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Why are we seeing a rise in non-compliant landlords?

View profile for Gina Peters
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Why are we seeing a rise in non-compliant landlords?
  • Media frenzy causing a distrust in landlords

  • Rise in disputes between landlords and tenants

  • Buy-to-let industry lacking support from Government

Recently in the media there has been a drastic increase of stories covering landlord and tenant disputes, with damp and mould complaints seemingly being the main target. Dutton Gregory Solicitors have noted a rise in these complaints, as well as many tenants going to quick fix companies created to target specific issues within the lettings sector.

Often seen advertised in some over the top advert, like the ‘have you had an accident at work?’ personal injury lawyer, there is a rise in services specifically for tenants of  private rented properties. Gina Peters, Head of Landlord & Tenant at Dutton Gregory Solicitors, has said the rise in this type of targeted service has only caused a rise in distrust for landlords, with these ‘housing disrepair experts’ painting many landlords as 'non-compliant', in order to market their services. 

Gina Peters, Head of Landlord & Tenant at Dutton Gregory Solicitors, said: “This is very much a case of perception versus reality, with the media creating this story that all landlords are not to be trusted. Most landlords are in fact compliant but lack support from the Government.

“Due to little funding and incentives for the industry, yes, we have seen a rise in disputes. The Government has created a very hostile environment, with the intended abolishment of Section 21 causing an increase in notices being served, more landlords selling up their portfolios due to financial pressure and uncertainty, and little to no support to make  properties more energy efficient and safer for tenants. This together with a rise in these new anti-landlord style companies for tenant disputes, have led to a belief that many landlords are failing to comply with the legalities of renting property in England.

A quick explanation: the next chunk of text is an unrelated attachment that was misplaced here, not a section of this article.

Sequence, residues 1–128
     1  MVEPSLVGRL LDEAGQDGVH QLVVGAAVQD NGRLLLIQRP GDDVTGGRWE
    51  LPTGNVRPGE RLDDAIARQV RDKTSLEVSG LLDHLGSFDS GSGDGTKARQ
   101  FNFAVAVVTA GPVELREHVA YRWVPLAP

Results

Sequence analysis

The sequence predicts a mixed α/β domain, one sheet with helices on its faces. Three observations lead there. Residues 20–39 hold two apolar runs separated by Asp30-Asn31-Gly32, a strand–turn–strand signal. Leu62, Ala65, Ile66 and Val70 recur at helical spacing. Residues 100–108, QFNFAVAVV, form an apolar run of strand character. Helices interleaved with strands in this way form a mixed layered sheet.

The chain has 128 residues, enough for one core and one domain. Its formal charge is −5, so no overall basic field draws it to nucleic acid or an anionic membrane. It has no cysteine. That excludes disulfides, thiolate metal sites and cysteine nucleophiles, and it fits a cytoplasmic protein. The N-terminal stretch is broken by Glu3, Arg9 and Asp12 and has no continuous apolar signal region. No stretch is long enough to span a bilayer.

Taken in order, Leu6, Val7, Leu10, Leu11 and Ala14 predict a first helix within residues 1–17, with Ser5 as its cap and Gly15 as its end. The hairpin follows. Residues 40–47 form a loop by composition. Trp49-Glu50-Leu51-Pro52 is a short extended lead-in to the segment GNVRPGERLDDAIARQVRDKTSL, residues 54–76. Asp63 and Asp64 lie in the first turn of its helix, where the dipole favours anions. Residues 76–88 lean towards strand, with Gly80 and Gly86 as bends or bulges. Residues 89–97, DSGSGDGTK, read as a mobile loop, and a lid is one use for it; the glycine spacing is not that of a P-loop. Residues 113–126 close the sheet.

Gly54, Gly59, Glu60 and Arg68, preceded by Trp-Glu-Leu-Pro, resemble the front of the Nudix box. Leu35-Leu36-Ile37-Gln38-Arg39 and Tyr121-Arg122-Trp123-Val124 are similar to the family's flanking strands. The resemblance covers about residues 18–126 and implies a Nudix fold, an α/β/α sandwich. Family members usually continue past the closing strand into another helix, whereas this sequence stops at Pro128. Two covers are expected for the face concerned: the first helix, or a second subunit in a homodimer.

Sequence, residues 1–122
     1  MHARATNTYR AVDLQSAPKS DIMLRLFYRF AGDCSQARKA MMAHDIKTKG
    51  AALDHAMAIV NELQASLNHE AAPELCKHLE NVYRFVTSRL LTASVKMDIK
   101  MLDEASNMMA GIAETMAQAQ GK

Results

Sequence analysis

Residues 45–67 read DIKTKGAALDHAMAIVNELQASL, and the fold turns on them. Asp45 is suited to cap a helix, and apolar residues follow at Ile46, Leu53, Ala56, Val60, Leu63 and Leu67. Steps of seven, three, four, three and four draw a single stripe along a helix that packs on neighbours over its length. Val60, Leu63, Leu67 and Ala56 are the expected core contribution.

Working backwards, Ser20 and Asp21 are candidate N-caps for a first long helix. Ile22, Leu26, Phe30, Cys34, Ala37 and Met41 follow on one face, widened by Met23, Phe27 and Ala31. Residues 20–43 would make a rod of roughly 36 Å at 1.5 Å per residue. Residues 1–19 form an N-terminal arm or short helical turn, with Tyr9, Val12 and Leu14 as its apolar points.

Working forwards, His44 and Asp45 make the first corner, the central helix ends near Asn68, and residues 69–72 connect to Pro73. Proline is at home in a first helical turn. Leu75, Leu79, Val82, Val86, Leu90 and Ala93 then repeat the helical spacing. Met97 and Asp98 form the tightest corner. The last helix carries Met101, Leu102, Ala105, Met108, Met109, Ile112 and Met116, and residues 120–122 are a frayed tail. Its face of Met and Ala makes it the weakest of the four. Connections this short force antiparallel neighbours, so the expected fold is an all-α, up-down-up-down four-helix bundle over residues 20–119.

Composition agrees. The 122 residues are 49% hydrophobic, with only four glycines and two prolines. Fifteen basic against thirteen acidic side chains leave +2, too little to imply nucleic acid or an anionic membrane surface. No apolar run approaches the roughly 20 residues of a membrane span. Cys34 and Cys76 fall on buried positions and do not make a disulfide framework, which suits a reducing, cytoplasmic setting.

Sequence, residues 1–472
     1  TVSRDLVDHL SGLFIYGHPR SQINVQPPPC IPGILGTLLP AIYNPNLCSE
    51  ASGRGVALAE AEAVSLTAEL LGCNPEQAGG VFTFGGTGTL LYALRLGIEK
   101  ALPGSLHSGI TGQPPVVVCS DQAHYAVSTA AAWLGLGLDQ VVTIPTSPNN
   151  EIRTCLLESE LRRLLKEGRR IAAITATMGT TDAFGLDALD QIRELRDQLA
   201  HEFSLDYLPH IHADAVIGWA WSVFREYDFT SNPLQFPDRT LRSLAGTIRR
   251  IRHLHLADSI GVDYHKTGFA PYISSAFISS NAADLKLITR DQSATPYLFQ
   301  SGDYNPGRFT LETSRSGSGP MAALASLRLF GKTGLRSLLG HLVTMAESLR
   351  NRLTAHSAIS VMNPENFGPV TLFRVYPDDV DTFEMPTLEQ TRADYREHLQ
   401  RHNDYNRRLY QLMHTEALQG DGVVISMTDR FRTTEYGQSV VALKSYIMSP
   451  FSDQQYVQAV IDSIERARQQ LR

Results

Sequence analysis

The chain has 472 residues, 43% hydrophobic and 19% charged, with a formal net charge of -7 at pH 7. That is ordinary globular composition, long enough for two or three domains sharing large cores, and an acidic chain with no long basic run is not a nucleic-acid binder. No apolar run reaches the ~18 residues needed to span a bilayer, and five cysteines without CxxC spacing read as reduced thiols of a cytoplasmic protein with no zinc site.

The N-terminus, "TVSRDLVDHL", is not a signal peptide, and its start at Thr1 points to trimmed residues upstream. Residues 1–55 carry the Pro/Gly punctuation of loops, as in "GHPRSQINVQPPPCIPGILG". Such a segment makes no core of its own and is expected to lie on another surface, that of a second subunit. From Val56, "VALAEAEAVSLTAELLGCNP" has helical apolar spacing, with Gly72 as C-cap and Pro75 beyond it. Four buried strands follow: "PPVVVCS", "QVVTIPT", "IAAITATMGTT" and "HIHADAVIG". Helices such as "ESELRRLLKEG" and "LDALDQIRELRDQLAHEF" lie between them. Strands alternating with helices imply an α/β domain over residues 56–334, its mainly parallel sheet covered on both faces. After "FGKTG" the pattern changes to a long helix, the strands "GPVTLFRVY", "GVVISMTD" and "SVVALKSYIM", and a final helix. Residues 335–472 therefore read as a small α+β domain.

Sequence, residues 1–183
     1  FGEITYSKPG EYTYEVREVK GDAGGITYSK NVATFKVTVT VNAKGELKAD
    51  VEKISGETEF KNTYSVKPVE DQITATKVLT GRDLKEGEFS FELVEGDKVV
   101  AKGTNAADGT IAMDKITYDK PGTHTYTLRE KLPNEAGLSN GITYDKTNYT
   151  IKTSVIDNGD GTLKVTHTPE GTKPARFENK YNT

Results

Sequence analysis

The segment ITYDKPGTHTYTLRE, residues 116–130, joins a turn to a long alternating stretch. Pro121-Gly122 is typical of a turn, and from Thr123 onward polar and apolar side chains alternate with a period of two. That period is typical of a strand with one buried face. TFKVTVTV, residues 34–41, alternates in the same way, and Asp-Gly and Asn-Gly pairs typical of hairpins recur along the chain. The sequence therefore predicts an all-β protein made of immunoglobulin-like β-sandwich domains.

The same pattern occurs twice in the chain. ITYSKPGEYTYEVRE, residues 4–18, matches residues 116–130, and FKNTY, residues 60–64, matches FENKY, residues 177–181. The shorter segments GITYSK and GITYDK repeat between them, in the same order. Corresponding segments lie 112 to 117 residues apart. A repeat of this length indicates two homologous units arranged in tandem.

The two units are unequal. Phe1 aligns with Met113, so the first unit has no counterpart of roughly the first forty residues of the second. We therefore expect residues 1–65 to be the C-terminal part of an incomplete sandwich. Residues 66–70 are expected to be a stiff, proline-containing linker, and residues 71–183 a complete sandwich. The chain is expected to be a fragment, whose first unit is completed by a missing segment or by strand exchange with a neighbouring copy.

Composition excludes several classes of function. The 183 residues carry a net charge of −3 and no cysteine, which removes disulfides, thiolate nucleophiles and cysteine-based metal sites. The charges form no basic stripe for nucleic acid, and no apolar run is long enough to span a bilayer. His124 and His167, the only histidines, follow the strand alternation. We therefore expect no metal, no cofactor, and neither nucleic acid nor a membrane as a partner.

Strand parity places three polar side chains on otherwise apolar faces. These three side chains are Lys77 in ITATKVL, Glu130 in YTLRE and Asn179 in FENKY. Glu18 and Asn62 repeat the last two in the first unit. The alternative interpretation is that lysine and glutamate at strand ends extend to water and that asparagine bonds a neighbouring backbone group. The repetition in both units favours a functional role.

“Local authorities who would normally investigate these claims and disputes are underfunded and under-resourced. There are now many licence schemes in place, which differ in each borough and can catch landlords out unintentionally.

“With the rise in these new style tenant-oriented companies it is painting, in many cases, a landscape that suggests landlords are there to be sued. Many of the applications that these new companies are handling can be made to the First Tier Tribunal by tenants themselves as there are no costs to be gained from such action from a landlord.

"I accept that some tenants may not be aware of their rights, but there is a fine line between providing legal advice and jumping on the bandwagon to ensure landlords are sued at the first hint of non-compliance.  It is not helping the overall landscape within the private rented sector.”

Gina Peters, Head of the Landlord and Tenant department at Dutton Gregory, has specialised in residential landlord and tenant law for 22 years. She has advised clients through the Landlord and Tenant Act 1985, the Housing Act 1988 and 1996, and the Deregulation Act 2015 – and now the 2023 Renters Reform Bill. Gina is also the author of the award-nominated book: ‘Lettings Law for Property Professionals: Your Legal Questions Answered’, which provides a firm basis and reference for many regularly asked about legal topics.